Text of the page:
Crafting Phenomenological Research – Introduction Annotation

The following are my notes from reading the introduction of Vagle’s Crafting Phenomenological Research

Vagle states the book contains three core ideas:
1. “Phenomenology is an encounter” (p. 11
2. “Phenomenology is a way of living” (p. 11)
“Never, nothing going on and that we can never grasp all that is going on (p. 12). Remain open and slow down
Question – Is this similar to mindfulness or living in the now?
3. “Phenomenology is a craft” (p. 12)
We are always honing our phenomenological skills, but phenomenology evolves. It is much more than following a series of steps or procedures (p. 12)
– There are “all sorts of possible ways” to practice phenomenology (p. 14)
– Phenomenology is not a singular or unified philosophy or methodology (p. 14)
Comment – This is likely why it is confusing to researchers. Lack of unification, confusion between the philosophy and the methodology, and it’s not merely a series of steps to follow to collect and analyze data. This makes phenomenology inaccessible to some, too much work to others, and confusing to many.

Philosophical background (p. 14)
– Edmund Husserl – considered “the father of phenomenology”
– Martin Heidegger – known for creating hermeneutics from Husserl’s work
– Maurice Marleau-Ponty – Broke down mind-body dualism
– Jean-Paul Sarte – “theorized the embodied nature of phenomenology”
– Hans-Georg Gadamer – Limits of methods; use of linguistics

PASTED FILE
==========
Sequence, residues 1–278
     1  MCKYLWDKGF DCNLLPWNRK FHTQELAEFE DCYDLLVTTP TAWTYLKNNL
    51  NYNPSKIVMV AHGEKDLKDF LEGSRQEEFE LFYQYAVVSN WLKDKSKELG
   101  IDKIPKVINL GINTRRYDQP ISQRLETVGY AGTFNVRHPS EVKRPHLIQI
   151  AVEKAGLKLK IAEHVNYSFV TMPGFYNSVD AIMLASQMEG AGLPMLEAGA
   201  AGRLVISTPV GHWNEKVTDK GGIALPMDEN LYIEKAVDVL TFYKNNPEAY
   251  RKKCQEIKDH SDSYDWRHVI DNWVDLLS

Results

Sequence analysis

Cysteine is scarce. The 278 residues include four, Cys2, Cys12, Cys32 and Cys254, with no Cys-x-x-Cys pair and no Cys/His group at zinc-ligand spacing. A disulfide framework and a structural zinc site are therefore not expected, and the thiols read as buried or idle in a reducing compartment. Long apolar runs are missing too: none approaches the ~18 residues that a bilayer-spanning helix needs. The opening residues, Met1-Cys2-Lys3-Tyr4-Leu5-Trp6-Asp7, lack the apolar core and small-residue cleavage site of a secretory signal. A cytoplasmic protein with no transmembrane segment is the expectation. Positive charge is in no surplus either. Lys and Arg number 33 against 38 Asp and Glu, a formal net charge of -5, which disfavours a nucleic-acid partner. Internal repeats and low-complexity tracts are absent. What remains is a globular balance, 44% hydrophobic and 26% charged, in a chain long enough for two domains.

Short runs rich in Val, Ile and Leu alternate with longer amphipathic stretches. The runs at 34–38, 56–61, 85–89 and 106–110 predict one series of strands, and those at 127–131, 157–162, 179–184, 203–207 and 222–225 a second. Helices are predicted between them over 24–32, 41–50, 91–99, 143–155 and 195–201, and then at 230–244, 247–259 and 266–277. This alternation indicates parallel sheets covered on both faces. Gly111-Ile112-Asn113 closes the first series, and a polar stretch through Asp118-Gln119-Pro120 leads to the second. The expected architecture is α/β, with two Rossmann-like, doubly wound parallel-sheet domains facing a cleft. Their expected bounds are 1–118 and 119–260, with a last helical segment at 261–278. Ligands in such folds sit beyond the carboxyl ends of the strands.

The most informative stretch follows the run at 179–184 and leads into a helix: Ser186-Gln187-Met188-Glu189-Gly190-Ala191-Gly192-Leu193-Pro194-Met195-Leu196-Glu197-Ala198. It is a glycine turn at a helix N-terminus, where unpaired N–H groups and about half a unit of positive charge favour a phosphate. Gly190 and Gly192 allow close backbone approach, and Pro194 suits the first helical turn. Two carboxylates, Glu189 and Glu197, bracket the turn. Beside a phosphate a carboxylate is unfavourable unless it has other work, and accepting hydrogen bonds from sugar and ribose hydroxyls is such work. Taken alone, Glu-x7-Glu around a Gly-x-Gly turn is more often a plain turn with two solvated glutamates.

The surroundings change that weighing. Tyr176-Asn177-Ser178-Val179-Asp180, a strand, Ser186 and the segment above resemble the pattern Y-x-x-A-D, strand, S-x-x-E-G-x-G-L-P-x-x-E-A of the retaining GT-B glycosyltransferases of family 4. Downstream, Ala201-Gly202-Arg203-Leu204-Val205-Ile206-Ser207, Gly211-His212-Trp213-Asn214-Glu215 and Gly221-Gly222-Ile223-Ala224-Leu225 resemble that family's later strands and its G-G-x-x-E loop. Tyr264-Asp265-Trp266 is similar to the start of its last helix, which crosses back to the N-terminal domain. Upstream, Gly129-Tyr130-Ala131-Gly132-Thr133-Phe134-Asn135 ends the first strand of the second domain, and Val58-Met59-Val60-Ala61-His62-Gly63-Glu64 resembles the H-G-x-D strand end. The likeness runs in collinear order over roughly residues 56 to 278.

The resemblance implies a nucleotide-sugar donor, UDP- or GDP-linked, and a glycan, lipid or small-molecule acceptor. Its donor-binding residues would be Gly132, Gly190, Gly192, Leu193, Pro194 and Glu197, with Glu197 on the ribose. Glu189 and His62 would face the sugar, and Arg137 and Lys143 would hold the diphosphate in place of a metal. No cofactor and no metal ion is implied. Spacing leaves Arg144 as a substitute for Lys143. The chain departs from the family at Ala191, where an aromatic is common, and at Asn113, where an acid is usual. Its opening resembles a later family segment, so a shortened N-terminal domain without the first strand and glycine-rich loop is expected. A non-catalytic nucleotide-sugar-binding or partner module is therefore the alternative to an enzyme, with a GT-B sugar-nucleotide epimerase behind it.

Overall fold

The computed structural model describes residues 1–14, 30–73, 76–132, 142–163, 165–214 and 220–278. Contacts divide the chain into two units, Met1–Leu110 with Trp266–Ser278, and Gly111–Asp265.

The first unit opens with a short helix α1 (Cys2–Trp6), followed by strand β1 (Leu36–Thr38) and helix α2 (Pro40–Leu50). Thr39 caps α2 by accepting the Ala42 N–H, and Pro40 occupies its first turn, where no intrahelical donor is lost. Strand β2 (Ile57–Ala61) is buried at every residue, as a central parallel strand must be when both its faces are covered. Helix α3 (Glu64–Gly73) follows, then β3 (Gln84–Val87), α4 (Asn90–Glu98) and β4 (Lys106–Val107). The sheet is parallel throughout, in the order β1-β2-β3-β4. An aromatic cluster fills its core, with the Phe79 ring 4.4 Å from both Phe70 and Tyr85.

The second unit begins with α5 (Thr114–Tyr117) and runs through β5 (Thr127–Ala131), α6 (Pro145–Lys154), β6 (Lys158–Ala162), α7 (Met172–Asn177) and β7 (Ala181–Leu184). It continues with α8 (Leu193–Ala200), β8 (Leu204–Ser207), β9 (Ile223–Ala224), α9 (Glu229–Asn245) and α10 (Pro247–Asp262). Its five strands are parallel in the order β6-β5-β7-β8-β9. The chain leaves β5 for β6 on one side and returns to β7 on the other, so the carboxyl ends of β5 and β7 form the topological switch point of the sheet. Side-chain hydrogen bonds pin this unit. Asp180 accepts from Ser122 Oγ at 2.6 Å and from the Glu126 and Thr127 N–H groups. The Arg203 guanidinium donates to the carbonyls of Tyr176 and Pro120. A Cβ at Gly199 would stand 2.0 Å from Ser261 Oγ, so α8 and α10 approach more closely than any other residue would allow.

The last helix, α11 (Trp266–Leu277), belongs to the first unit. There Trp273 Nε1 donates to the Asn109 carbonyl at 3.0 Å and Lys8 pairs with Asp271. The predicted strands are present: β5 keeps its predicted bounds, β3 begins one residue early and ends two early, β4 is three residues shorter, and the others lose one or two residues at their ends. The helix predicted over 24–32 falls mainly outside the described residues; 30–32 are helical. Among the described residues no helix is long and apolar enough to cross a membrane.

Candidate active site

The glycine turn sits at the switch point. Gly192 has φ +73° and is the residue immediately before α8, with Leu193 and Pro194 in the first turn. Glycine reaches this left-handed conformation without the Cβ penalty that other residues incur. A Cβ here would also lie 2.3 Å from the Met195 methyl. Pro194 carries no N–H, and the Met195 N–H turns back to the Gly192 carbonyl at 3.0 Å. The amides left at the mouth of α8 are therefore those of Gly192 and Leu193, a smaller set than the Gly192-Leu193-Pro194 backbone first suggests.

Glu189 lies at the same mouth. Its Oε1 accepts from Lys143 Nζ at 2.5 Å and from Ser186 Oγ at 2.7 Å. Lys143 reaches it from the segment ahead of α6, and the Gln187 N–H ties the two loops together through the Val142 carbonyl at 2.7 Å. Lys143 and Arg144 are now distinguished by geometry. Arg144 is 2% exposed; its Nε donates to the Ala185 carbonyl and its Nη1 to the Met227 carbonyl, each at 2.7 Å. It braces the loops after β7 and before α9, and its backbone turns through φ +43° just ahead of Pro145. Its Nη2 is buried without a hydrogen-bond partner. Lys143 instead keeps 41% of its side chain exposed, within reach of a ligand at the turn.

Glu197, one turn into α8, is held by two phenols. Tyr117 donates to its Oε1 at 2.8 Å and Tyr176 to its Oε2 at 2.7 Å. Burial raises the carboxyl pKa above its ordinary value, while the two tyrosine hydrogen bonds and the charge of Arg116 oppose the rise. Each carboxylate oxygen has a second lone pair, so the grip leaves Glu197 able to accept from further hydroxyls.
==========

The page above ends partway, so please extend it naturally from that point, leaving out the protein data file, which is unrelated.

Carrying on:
Methodological background (pp. 14-15)
– Max van Manen – Hermeneutics; pedagogical phenomenology
– Karin Dahlberg – Designed relative lifeworld research approach
– Amedeo Girogi – Follows Husserl’s tradition; designed descriptive research approach
– Linda Finlay – Works across the philosophies and across the methodologies

Phenomenological research has grown and evolved to what Vagel calls “post-intentional phenomenology” (p. 15)

“Different types of phenomenology have grown and changed. I think different types of phenomenology assume different things about what it is to know and be in the world/ They adhere to different philosophical and methodological commitment and serve different purposes”
(p. 15)

Comment – I’m looking forward to seeing how he delineates these

– Vagle suggests “opening ourselves up and let go” when reading the book
Comment – This reinforces his second main point that phenomenology is a way of life
Important “The paying attention, immediacy, and presence required to experience and practice never nothing going on is significant” (p. 15)

Question – How do we look at life, and phenomena, with this sense of never nothing going on without including our interpretation of the events? We see everything through our unique lenses of knowledge, experience, background, and biases.
Question – Is bracketing enough to suspend?

Takeaways from this chapter
– Except some confusion with and between the methodologies and philosophies
– Remember there is no unified philosophy or methodology
– Practice phenomenology – open up and let go
– Always be aware of never nothing going on
Question that remain
– Phenomenology is similar to mindfulness?
– What’s the difference between bracketing and letting go?
My new insights
– I can’t just do a phenomenological interview without first practicing phenomenology
– Look for new authors who have added new approaches or added to the methodological foundations

Vagel, M. D. (2014). Introduction. In M. D. Vagel (author) Crafting phenomenological research (p. 11-16). London: Routledge

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